• Event Management and Monitoring. Network devices, operating systems, and applications must be monitored to identify malicious activity. In the past, many banks were only monitoring perimeter devices such as firewalls and believing that the perimeter devices would stop any threats. However, many current attacks start with the installation of malicious code on an employee’s workstation to bypass the controls imposed by the firewall and then the attacker moves around, potentially undetected on the internal network. Monitoring for malicious activity on all of the bank’s internal network devices can require significant resources. ƒ ƒ Patch Management. Patch management is more than just patching Microsoft operating systems and applications such as Adobe Acrobat and Java. Patch management includes updating the software running on network devices such as firewalls, routers, switches, DVRs, and printers to address any known vulnerabilities. Additional time must be spent to identify the release of new patches, and in many cases the patches must be installed manually on each network device.
  • Disaster Recovery / Business Continuity Planning and Testing. A bank’s increased dependence on technology requires formal documentation for maintaining business continuity and testing the selected plans to ensure that the bank can recover from a disaster within a reasonable time frame to allow for the continued performance of its daily functions. Additional time is required to initially document recovery strategies and then modify the strategies based on system or vendor changes. Time is also required to prepare testing strategies, coordinate testing schedules with vendors, and analyze the test results. ƒ ƒ Incident Response Planning and Testing. Many experts say that it is not a question of if a business will be hit by some form of breach, but a question of when it will happen. Banks must have a well-documented plan in place to detect and respond to an information security incident. In addition, the plan needs to be tested periodically to ensure that all employees are aware of their roles to effectively and efficiently respond to an incident.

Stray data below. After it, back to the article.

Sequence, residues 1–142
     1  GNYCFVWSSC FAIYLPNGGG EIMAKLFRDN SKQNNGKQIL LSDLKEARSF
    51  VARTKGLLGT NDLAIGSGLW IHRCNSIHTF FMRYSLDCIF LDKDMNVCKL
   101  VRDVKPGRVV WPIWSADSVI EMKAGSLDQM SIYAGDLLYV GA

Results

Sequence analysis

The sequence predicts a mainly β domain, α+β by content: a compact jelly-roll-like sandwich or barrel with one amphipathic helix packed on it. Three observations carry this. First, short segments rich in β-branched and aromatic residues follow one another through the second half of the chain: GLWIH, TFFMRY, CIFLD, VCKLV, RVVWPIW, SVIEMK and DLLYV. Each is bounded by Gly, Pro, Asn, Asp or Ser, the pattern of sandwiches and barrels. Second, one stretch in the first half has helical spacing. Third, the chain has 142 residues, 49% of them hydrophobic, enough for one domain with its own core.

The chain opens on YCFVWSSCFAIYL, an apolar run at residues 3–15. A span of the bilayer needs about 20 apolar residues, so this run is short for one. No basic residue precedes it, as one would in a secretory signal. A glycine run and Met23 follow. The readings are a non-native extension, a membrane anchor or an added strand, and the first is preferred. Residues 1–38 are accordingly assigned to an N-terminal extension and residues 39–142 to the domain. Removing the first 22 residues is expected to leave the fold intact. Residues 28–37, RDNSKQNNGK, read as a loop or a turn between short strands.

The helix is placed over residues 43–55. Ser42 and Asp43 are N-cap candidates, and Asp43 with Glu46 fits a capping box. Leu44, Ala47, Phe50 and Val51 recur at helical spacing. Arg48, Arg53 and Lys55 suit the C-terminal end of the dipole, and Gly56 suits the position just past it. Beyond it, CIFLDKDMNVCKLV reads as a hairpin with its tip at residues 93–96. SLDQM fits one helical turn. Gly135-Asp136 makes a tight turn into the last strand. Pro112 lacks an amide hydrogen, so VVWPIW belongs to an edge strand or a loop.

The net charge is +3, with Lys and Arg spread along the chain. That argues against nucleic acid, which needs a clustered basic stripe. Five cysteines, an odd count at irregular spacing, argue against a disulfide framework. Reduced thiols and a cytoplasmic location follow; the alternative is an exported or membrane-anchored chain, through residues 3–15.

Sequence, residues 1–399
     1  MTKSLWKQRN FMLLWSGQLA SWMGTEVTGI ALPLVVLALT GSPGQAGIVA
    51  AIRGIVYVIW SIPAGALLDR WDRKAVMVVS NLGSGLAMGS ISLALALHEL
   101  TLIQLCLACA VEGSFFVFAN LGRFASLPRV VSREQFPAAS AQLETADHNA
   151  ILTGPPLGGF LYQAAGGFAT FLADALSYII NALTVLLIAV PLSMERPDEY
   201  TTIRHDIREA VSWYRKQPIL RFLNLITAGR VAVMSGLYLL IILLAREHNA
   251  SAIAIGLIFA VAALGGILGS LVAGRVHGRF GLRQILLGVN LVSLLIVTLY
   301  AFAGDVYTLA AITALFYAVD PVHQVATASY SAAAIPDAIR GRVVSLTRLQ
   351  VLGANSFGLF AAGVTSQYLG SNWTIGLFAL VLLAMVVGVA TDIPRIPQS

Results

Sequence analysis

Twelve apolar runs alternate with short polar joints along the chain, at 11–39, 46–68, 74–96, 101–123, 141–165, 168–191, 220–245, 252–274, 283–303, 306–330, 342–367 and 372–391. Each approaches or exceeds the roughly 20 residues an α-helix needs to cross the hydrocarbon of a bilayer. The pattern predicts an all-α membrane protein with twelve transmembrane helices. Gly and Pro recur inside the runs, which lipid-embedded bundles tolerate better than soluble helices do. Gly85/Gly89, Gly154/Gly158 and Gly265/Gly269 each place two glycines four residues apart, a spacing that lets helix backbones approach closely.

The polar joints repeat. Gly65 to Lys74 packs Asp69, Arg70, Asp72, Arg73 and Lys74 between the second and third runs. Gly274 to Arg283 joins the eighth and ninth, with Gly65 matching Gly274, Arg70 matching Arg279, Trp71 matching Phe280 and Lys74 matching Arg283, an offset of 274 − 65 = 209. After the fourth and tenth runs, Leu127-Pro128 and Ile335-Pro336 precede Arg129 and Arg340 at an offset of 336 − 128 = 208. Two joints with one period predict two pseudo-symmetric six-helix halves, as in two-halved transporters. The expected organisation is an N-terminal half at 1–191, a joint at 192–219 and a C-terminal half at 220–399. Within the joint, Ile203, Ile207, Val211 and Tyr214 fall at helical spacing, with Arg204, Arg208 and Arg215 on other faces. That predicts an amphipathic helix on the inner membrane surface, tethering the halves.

Potential Costs of a Breach
Why should changes to the technology used by the bank, changes to regulatory requirements, and the evolving threat landscape be a significant concern for the board of directors? The board of directors is ultimately responsible for the management of the information security program, and failing to provide the appropriate resources to manage the IT and information security functions at the bank can lead to regulatory enforcement actions, harm to the bank’s reputation, and significant costs associated with a data breach.

According to the Ponemon Institute’s 2017 Cost of Data Breach Study: United States, performed June 2017, the average cost for each lost or stolen record containing sensitive and confidential information is $225. This study also indicated that breaches involving businesses within the financial services industry had a per capita cost of $336.

Insurance Coverage
Another consideration for the board of directors is insurance coverage. While a bank may have a cyber insurance policy, management needs to thoroughly understand the requirements for this policy and ensure that it is meeting all of the minimum security requirements of the policy. Insurance companies may reject a claim or even seek repayment of a settlement if defined controls were not in place at the bank at the time of a breach.

Using the example of a community bank with assets of 100 million and 12,000 customer records, a breach of those 12,000 records could cost the bank 4 million dollars. This would be a substantial loss for the bank if insurance coverage is not appropriate, and even more significant if an insurance claim is denied due to the bank’s failure to maintain the minimum security requirements defined within the policy.